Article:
7. There was a hearing before the Coast Guard in May of 1944 as the result of which the libellant's license was suspended because of his said physical condition. Also a medical and x-ray examination by the W.S.A. was held on May 10, 1944 which revealed 'bilateral pulmonary tuberculosis, moderately advanced with cavitation.' Following these events the libellant was again urged to undergo hospitalization, but again refused.

 8. The libellant did not enter any Marine Hospital, or receive any medical treatment or undergo any medical examination until December of 1946.

 9 During the interval between March 1944 and December 1946 the libellant was engaged in operating a filling station for a time, and in other business pursuits of limited duration.

 10. The libellant was an in-patient at the U.S. Marine Hospital Neponsit, and later at the Marine Hospital Staten Island, from February 25, 1947 until June 27, 1949 when he was discharged as such, at his own request.

 11. That discharge stated that libellant had by then received 'maximum hospital benefits.'

 12. Since the foregoing discharge, the libellant has been an out-patient at Neponsit and later at Manhattan Beach Public Health Hospital, and as late as November, 1953 the physician considered that the tuberculosis had again become active so that bed rest was recommended. Since May 26, 1954 his sputum tests have been negative.

 Conclusions of Law

 1. The libel must be dismissed against, Agwilines, Inc. Fink v. Shepard S.S. Co., 337 U.S. 810, 69 S. Ct. 1330, 93 L. Ed. 1709.

 2. The libellant had attained by June 27, 1949 the maximum recovery from the tuberculosis from which he has suffered since 1942.


 The foregoing is the necessary deduction to be drawn from the hospital discharge of that date, in the absence to the contrary on the part of the libellant.

 3. The obligation of the United States for maintenance and cure had therefore been discharged prior to the filing of this libel. Loverich v. Warner Co., 3 Cir., 118 F.2d 690; Farrell v. U.S. 336 U.S. 511, 69 S. Ct. 707, 93 L. Ed. 850; Calmar S.S. Corp. v. Taylor, 303 U.S. 525, 58 S. Ct. 651, 82 L. Ed. 993; Desmond v. U.S., 2 Cir., 217 F.2d 948.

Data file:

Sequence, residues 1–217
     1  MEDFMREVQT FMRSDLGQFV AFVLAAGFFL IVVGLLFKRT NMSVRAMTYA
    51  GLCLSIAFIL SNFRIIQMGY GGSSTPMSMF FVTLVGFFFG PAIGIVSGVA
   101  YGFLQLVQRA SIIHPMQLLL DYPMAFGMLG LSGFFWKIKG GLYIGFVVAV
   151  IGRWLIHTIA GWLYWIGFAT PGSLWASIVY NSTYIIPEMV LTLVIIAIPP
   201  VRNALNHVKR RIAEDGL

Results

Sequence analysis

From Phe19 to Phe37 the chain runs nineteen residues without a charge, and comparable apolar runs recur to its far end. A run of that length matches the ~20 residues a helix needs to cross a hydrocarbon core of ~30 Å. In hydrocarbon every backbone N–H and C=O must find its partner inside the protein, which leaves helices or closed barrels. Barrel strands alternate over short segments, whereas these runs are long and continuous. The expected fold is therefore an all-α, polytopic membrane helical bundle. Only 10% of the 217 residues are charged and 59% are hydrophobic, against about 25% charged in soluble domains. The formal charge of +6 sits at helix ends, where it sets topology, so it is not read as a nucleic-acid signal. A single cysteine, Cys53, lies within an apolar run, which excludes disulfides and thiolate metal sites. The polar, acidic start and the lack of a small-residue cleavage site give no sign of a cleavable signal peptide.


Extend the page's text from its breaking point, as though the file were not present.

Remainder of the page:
4. Libellant's refusal to undergo hospitalization pursuant to the advice of the physicians who examined him in March and May of 1944, although he was aware of the seriousness of his condition, and his failure to enter any hospital until February 25, 1947 are deemed to constitute a forfeiture of his right to seek maintenance and cure. See Repsholdt v. U.S., 7 Cir., 205 F.2d 852; Bailey v. City of New York, 2 Cir., 153 F.2d 427; Meyer v. U.S., 2 Cir., 112 F.2d 482.


 This libellant's refusal to enter a hospital in 1944 was consistent with his refusal to seek medical advice of any kind for ever eighteen months after his first examination in March of 1944. It would seem too clear for dispute that during that interval, the lack of proper care and attention must have been responsible for the progress of his disease later, which was brought to light. The Government offered him the best of hospital facilities without cost. Having refused that offer, it is not clear to this court why he should successfully ask the Government to pay him a considerable sum of money, the claim to which might not have arisen at all but for his attitude in 1944.

 5. The libel must be dismissed, but without costs.

 Settle decree in accordance with the foregoing.